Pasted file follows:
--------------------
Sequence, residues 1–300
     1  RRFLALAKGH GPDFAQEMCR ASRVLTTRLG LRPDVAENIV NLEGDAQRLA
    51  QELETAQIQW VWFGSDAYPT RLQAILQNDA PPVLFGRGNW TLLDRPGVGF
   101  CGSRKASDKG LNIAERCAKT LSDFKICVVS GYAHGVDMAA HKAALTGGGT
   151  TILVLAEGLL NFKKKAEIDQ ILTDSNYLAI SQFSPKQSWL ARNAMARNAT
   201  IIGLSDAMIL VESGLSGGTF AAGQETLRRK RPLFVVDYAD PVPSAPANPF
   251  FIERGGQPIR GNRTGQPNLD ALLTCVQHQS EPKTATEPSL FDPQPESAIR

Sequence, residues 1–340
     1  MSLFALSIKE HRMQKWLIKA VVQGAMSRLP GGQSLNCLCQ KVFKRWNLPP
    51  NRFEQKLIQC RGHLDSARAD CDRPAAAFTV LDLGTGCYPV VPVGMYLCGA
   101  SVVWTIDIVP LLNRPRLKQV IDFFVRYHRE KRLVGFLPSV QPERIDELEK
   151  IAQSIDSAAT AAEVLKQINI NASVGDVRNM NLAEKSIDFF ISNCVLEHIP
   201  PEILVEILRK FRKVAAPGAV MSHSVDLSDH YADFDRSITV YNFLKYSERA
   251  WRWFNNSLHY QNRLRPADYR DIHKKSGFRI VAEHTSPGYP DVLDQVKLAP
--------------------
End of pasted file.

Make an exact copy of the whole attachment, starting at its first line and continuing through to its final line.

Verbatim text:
Sequence, residues 1–300
     1  RRFLALAKGH GPDFAQEMCR ASRVLTTRLG LRPDVAENIV NLEGDAQRLA
    51  QELETAQIQW VWFGSDAYPT RLQAILQNDA PPVLFGRGNW TLLDRPGVGF
   101  CGSRKASDKG LNIAERCAKT LSDFKICVVS GYAHGVDMAA HKAALTGGGT
   151  TILVLAEGLL NFKKKAEIDQ ILTDSNYLAI SQFSPKQSWL ARNAMARNAT
   201  IIGLSDAMIL VESGLSGGTF AAGQETLRRK RPLFVVDYAD PVPSAPANPF
   251  FIERGGQPIR GNRTGQPNLD ALLTCVQHQS EPKTATEPSL FDPQPESAIR

Sequence, residues 1–340
     1  MSLFALSIKE HRMQKWLIKA VVQGAMSRLP GGQSLNCLCQ KVFKRWNLPP
    51  NRFEQKLIQC RGHLDSARAD CDRPAAAFTV LDLGTGCYPV VPVGMYLCGA
   101  SVVWTIDIVP LLNRPRLKQV IDFFVRYHRE KRLVGFLPSV QPERIDELEK
   151  IAQSIDSAAT AAEVLKQINI NASVGDVRNM NLAEKSIDFF ISNCVLEHIP
   201  PEILVEILRK FRKVAAPGAV MSHSVDLSDH YADFDRSITV YNFLKYSERA
   251  WRWFNNSLHY QNRLRPADYR DIHKKSGFRI VAEHTSPGYP DVLDQVKLAP